Oddly enough, readers of The 50 Funniest American Writers according to Andy Borowitz will quickly discover that only one of the writings of this superlative group included in the anthology seems to have been published prior to the 20th century. Although 11 of the writers were born in the 19th century, they don’t seem to have gotten funny until after the new century turned. It would seem that other than Mark Twain, who managed to be funny in 1879, Americans were too busy doing other things to be funny back then. Still, it may be somewhat curmudgeonly to voice any complaint about Borowitz’ selections in light of the introductory essay in which he points out that it is really impossible to create a “funniest” list that will satisfy everyone, so he really didn’t try. These are simply writings by writers who make him laugh. Besides, the only reason he even suggested the project was that “best of” lists were surefire money makers. In effect: don’t complain, make your own damn list.
Clearly criticism of what is not included is off limits, but so, it would seem, is criticism of what is included. – you can’t claim that some of the pieces are not all that funny. First of all Borowitz thinks they’re funny, and second of all these are a collection of pieces by the “funniest” writers, not a collection of funny pieces (despite what the unwary reader might expect). You can’t say that some of these writers — Sinclair Lewis, Philip Roth, Charles Portis — haven’t written a funny piece or two or even a dozen, but when shove is met by push their claim to fame is not their power to create laughter. I mean how do you define funniest? Is the man who wrote one really funny essay, funnier than the woman who wrote a gaggle of moderately funny essays and a short story that got a few chuckles?
There is no point in going on without seeming little more than a quibbler without a sense of humor. Under the circumstances the only reasonable course of action is to describe what does lie between the covers and let you, dear reader, come to your own conclusions. Borowitz limited his selections to prose: essays, short fiction, excerpts from longer works like memoirs and novels — no poetry, no dramatic works, no stand-up routines. There is satire, both political and social. There is parody. There are witty gems and attempts at witty gems. There is humor intellectual and humor sophomoric.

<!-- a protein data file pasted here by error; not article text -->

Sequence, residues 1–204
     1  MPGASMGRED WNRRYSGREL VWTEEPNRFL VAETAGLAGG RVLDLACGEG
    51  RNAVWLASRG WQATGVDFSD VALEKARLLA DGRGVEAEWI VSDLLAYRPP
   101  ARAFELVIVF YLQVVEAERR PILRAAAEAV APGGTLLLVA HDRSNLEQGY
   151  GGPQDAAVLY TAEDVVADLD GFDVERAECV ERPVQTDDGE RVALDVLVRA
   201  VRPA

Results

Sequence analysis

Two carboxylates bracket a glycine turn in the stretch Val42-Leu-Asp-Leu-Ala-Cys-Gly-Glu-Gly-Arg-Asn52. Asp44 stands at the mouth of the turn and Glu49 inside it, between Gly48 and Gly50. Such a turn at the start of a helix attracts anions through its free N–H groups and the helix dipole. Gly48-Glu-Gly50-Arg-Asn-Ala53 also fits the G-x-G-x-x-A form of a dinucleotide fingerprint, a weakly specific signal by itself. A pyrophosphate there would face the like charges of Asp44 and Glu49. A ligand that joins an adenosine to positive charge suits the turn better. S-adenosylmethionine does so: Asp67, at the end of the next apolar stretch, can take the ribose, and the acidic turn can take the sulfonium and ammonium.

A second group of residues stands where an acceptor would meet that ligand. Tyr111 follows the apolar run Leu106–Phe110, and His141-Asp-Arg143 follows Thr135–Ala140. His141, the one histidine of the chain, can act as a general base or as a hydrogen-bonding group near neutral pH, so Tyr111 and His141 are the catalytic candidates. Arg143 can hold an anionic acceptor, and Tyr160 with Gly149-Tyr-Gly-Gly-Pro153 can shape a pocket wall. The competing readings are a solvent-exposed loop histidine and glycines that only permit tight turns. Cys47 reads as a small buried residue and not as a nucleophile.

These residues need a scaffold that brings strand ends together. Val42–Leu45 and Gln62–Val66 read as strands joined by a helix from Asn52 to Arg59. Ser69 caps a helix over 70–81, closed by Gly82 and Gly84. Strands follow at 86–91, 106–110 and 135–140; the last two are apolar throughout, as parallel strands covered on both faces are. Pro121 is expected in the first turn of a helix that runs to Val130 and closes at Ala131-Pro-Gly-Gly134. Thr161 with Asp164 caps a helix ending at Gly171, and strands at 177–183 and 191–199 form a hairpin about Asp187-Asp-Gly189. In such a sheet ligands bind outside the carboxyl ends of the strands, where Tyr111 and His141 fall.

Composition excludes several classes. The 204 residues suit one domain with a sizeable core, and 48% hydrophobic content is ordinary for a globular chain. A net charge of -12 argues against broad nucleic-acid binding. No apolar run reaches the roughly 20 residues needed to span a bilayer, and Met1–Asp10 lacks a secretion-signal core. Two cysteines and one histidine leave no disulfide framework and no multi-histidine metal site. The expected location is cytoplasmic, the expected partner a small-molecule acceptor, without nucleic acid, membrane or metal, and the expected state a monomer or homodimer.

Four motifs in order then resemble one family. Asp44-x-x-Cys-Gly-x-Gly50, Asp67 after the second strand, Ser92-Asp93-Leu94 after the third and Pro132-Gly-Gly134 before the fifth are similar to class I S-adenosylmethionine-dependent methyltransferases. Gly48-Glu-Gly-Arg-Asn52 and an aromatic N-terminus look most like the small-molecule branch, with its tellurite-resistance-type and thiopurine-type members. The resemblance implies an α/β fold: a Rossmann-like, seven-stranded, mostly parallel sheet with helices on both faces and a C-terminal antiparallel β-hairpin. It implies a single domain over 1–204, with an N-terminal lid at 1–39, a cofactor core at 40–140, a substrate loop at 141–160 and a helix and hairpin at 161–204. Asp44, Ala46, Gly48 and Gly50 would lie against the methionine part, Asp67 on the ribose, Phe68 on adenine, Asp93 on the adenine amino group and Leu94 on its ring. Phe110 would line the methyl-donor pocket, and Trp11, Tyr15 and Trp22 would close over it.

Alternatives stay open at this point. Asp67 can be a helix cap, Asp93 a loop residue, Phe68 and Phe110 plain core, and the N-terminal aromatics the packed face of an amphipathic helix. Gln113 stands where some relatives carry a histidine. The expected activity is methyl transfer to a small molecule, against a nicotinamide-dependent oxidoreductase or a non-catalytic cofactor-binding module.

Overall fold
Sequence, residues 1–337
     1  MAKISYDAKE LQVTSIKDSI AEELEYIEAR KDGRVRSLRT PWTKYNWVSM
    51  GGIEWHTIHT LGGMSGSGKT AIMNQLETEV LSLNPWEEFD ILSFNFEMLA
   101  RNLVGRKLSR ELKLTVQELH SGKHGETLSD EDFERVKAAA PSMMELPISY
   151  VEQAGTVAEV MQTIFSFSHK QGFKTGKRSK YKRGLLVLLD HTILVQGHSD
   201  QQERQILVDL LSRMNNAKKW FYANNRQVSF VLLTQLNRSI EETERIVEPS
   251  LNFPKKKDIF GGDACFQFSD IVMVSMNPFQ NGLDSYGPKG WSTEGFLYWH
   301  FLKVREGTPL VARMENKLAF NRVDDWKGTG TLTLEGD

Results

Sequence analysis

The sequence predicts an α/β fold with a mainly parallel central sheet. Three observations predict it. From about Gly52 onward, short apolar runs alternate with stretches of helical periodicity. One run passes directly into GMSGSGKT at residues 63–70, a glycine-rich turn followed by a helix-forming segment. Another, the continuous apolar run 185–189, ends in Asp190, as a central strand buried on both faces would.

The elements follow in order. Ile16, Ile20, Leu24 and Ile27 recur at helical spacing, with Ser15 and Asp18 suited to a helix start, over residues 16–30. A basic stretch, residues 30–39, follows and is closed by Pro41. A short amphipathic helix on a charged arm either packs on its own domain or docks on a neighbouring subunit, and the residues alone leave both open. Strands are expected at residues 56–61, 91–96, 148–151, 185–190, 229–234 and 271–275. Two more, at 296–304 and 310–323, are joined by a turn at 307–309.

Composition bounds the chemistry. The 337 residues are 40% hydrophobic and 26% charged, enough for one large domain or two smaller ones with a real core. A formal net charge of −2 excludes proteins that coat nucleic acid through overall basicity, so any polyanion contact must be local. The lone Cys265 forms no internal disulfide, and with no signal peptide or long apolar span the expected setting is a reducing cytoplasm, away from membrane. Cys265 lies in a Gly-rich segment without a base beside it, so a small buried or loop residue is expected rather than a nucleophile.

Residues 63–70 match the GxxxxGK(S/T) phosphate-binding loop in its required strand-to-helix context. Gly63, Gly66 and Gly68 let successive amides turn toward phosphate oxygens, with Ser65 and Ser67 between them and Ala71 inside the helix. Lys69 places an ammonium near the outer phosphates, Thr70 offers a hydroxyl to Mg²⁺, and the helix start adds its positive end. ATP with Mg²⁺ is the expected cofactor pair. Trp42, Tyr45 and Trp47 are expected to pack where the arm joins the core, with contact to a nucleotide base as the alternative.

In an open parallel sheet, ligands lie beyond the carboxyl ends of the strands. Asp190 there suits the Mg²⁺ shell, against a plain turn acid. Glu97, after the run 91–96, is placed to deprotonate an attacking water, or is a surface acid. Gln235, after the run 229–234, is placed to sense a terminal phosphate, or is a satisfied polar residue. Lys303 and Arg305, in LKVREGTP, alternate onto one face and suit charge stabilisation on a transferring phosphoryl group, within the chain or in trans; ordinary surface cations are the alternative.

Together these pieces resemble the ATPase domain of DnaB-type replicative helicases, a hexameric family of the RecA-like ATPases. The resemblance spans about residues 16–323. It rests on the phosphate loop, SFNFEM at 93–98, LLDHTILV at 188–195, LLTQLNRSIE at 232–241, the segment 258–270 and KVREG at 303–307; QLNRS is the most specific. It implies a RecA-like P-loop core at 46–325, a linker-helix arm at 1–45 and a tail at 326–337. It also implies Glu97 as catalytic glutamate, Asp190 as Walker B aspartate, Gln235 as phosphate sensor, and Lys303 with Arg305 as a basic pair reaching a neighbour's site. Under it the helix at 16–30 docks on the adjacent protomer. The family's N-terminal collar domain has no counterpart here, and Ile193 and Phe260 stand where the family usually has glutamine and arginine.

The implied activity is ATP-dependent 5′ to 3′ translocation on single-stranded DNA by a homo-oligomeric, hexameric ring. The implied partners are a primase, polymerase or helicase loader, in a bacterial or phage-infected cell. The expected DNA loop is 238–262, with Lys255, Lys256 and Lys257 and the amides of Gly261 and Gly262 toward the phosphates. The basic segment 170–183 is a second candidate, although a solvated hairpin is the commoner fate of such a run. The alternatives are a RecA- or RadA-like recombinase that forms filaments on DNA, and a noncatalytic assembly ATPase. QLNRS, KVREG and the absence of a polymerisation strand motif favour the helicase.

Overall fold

Of the 50 selections there are some that stand out (there are some that fall flat but with 50 to choose from, the dreary few are forgivable). The anthology begins with Mark Twain’s confessions of his wicked deeds as a prelude to making a presidential run and ends with Larry Wilmore’s advice to some future president about how to apologize to blacks for slavery without really apologizing. Between the two there is Sinclair Lewis’s satiric account of crass middle class culture in a section from his novel Babbitt, the O. Henry story that could have been the model for Home Alone, “The Ransom of Red Chief,” and a Ring Lardner description of a conversation between two old acquaintances who have nothing to say to each other. There is a parody of noir detective fiction by S.J. Perelman and political satire by Molly Ivins. There’s a clever bit about deploying vowels to Bosnia from The Onion and an overly long piece about stereotyping from the National Lampoon.
My own highlights: “Vacation ’58,” a story by John Hughes (yes, the movie guy) which was to become the basis of the National Lampoon vacation series. George Carlin has a rant about the misuse of language by broadcasters called “If I Were in Charge of the Networks” that is both funny and informative. A section from Lenny Bruce’s How to Talk Dirty and Influence People destroys any idea that a comic’s life on the road is in any way glamorous. Woody Allen’s send-up of the Mafia, “A Look at Organized Crime,” is a good example of his earlier work and very funny. Peter de Vries’ story of one man’s attempt to get his wife to play straight man for him at dinner parties had me laughing out loud. This has to stop: Dorothy Parker, James Thurber, E.B. White, Hunter Thompson, Bernie Mac, David Sedaris — if you can’t find something to make you laugh, you have a problem.
In an interview on NPR, Borowitz talked about The 50 Funniest American Writers as a bathroom book. I don’t know about bathroom, but it is probably a book you want to dip into from time to time and read an essay here, a story there. Reading it all at once tends to get you jaded. You begin to suffer from the law of diminishing returns, and suddenly things aren’t quite that funny. You may not want to keep the book in your bathroom, but you might well want to keep it handy and read a piece or two to take a break from War and Peace.